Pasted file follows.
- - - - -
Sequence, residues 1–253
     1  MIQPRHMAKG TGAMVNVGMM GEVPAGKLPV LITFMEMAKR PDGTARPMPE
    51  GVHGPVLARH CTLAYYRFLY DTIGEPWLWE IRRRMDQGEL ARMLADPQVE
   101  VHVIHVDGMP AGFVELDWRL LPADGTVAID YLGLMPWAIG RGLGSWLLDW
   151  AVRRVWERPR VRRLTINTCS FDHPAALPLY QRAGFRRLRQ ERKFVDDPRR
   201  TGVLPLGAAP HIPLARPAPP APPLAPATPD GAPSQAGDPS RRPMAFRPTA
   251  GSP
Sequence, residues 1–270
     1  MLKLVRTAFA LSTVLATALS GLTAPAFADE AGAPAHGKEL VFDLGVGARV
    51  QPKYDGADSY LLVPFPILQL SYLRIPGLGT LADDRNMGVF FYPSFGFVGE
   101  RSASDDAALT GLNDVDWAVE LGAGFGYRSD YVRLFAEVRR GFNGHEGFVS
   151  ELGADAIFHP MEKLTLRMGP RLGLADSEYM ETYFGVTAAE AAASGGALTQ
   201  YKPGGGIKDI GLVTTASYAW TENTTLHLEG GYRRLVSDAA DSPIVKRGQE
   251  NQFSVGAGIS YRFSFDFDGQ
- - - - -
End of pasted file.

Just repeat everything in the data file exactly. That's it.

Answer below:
Sequence, residues 1–253
     1  MIQPRHMAKG TGAMVNVGMM GEVPAGKLPV LITFMEMAKR PDGTARPMPE
    51  GVHGPVLARH CTLAYYRFLY DTIGEPWLWE IRRRMDQGEL ARMLADPQVE
   101  VHVIHVDGMP AGFVELDWRL LPADGTVAID YLGLMPWAIG RGLGSWLLDW
   151  AVRRVWERPR VRRLTINTCS FDHPAALPLY QRAGFRRLRQ ERKFVDDPRR
   201  TGVLPLGAAP HIPLARPAPP APPLAPATPD GAPSQAGDPS RRPMAFRPTA
   251  GSP
Sequence, residues 1–270
     1  MLKLVRTAFA LSTVLATALS GLTAPAFADE AGAPAHGKEL VFDLGVGARV
    51  QPKYDGADSY LLVPFPILQL SYLRIPGLGT LADDRNMGVF FYPSFGFVGE
   101  RSASDDAALT GLNDVDWAVE LGAGFGYRSD YVRLFAEVRR GFNGHEGFVS
   151  ELGADAIFHP MEKLTLRMGP RLGLADSEYM ETYFGVTAAE AAASGGALTQ
   201  YKPGGGIKDI GLVTTASYAW TENTTLHLEG GYRRLVSDAA DSPIVKRGQE
   251  NQFSVGAGIS YRFSFDFDGQ